The General Services Administration (GSA) is granting a two-year deadline extension to the Department of Justice (DoJ) and the Department of Homeland Security (DHS) to transition to Enterprise Infrastructure Solutions (EIS) communications services contracts.

GSA is giving the two agencies until May 31, 2026, to complete their transitions to EIS. This is two more years than the other agencies who signed a memorandum of understanding (MOU) in September to extend their expiring network and telecommunications contracts, while they transition to the EIS program.

DoJ and DHS asked GSA for more time to complete their transition, citing factors such as global supply chain disruptions and COVID-19 pandemic challenges. In a Dec. 16 blog post, GSA said it granted the extension to ensure agencies “can carry out their transition plans without the risk of serious disruptions to critical services.”

“Executing these extensions will be a major undertaking for GSA and the contract holders,”  wrote Laura Stanton, GSA’s assistant commissioner for the Office of Information Technology Category (ITC).

“GSA anticipates there are more than sixty contracts that will need extensions after May 31, 2024,” she added. “GSA will execute modifications to extend each contract. The justification for these modifications will detail the current status, the delays and obstacles agencies have faced in their transitions, and the timeline in which they expect to have their transitions completed.”

Stanton added that this decision comes with risks, as contractors may not agree to an extension. Additionally, she said prolonging the transition presents risks to agencies, as EIS offers cost savings opportunities and access to modern cybersecurity capabilities.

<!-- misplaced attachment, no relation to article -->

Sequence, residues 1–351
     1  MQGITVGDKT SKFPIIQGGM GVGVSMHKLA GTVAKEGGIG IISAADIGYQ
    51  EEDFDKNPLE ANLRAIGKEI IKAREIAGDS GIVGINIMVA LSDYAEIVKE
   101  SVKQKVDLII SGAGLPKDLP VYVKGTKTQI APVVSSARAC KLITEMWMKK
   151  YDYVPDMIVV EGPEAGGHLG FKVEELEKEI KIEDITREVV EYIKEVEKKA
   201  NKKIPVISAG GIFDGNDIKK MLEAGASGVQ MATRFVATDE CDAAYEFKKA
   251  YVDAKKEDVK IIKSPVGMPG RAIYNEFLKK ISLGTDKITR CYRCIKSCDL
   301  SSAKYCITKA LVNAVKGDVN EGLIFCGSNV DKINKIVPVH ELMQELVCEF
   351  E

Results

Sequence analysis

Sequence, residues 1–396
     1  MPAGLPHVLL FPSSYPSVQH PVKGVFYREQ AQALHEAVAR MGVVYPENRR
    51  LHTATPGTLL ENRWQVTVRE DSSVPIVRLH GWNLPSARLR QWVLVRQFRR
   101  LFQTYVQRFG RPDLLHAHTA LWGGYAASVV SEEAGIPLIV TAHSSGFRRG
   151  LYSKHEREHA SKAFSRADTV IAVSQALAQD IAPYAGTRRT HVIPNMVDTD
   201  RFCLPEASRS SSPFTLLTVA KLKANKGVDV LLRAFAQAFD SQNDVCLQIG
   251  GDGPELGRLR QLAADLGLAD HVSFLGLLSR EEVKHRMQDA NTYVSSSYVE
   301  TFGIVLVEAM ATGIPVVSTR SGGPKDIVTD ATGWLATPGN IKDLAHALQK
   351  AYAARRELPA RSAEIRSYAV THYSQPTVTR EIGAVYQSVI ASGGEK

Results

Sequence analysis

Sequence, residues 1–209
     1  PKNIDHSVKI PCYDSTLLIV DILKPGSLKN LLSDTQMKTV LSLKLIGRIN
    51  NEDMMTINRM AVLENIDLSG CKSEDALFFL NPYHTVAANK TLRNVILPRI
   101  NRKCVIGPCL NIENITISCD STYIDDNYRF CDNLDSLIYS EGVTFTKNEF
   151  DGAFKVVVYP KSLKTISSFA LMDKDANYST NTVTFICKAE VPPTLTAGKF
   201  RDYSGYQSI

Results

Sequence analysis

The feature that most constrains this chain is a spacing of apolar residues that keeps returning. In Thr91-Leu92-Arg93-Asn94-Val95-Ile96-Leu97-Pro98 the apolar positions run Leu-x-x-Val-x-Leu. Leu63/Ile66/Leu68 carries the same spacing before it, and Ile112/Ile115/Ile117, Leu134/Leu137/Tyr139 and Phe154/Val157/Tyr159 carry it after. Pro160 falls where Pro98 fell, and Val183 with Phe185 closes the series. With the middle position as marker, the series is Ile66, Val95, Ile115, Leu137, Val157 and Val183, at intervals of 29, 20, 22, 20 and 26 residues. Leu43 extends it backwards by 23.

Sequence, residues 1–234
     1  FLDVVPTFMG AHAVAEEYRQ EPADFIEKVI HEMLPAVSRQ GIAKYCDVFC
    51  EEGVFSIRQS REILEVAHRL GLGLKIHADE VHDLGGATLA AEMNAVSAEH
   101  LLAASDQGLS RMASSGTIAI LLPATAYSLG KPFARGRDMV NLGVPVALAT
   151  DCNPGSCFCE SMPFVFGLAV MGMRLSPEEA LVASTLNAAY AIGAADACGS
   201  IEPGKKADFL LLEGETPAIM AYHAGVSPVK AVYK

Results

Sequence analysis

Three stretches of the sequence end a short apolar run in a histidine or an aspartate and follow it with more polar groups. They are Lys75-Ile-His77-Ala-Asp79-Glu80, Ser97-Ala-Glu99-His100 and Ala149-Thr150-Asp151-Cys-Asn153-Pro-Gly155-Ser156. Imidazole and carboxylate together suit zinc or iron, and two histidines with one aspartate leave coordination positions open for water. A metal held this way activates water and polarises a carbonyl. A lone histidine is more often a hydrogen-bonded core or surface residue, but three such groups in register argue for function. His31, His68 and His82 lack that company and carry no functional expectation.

During last week’s House Government Operations Subcommittee hearing on the latest FITARA scorecard, cybersecurity experts at the Government Accountability Office (GAO) urged agencies to speed their transition to EIS.

Carol Harris, director of information technology and cybersecurity at GAO, expressed concern about most agencies receiving a failing grade for their lack of progress in the transition to EIS.

“Agencies need to act with tremendous urgency to move the bar here and get off those legacy contracts as soon as possible,” Harris said. “We just don’t want to have further delay because that’s going to cause cost overruns.”

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Grace Dille
Grace Dille
Grace Dille is MeriTalk's Assistant Managing Editor covering the intersection of government and technology.